Article: Talent solutions on big data is the essence of the future

Technology

Talent solutions on big data is the essence of the future

Rudy Karsan, GM, Kenexa & Smarter Workforce, IBM says technologies indicate the future talent management possibilities
Talent solutions on big data is the essence of the future
 

The pace of change at the workplace will contribute a lot to the fast paced nature of technological advancements in the organization

 

Humans essentially operate at two levels when it comes to making decisions: the rational and the emotional. The rational is driven by data which we analyse and then use to make a judgement. The emotional, on the other hand, is driven by data we collect through sensing rather than rational means, and we use this to make our decision. And whenever the two are in conflict, the emotional aspect usually dominates. How does this play out in the field of talent management?

Typically, when talent managers look at data, they are also influenced by the intuitive or emotional aspect as a supplement of the rational data when it comes to decision making.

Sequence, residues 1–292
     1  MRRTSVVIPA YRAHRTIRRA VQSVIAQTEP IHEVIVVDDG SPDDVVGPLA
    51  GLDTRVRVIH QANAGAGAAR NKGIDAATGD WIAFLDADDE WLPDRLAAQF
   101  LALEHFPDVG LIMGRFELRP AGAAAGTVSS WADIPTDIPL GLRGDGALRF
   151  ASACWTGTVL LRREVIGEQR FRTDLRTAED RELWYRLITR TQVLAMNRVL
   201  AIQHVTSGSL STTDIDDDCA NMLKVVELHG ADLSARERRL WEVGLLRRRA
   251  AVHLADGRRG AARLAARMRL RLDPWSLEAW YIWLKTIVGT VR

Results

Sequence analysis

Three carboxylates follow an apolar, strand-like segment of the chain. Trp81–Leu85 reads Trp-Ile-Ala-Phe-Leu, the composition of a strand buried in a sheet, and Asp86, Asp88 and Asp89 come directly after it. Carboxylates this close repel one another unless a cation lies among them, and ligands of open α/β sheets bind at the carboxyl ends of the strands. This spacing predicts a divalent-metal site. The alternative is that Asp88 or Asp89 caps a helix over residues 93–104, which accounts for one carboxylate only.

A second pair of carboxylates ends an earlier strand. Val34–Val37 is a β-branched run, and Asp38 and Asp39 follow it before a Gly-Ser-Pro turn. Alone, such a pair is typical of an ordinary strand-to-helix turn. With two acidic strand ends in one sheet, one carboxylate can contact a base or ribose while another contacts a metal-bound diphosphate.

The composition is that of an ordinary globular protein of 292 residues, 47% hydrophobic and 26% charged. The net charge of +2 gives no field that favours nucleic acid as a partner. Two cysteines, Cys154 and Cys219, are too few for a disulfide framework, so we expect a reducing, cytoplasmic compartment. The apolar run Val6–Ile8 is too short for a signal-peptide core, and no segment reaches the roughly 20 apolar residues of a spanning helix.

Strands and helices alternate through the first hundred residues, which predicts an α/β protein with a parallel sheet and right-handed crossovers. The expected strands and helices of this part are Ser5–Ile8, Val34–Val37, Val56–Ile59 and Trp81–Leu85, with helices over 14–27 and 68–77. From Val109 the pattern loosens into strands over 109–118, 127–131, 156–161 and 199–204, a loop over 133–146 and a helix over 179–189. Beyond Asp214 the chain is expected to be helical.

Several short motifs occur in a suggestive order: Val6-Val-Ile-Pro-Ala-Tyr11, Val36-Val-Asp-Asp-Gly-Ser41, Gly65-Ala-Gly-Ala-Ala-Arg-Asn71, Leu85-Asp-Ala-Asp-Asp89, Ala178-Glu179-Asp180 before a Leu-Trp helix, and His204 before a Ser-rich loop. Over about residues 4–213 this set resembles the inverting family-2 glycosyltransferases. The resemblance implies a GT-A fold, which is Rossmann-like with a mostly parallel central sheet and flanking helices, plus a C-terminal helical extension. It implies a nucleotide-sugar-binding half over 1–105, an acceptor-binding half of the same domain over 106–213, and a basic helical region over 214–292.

The modern talent manager is facing an overflow of information and data from all channels and this can be overwhelming to manage. The rate of data generation and storage is doubling every 18 months due to all the social network content, unstructured databases, resumes which are going all around, and blogs and videos and original content that people are creating every day. A talent manager who is planning to base future decisions on data has to accommodate the data at a pace which is four times faster and bigger in volume. Talent managers are looking at ways of consolidating this data, reducing its complexity, contextualize and make sense out of it. However, they are overwhelmed because they don’t have the analytical tools to assimilate the rate and volume at which data is coming in and it is almost impossible to keep up.

Technology companies are thus trying
to develop and build tools for a talent manager that makes all the data more manageable, more meaningful and contextual and helps her/him make quick decisions.

Talent management solutions based on Big Data are the essence of the future. Smart talent solutions such as those for talent assessment, testing and behavioural assessment help the hiring process in predictive and prescriptive ways. The interview process, consequently, is then left for the more human aspects of hiring such as the overall friendliness of the person, personality and personal appeal and cultural traits and fit. That’s how a talent manager arrives at a joint decision between rational and emotional.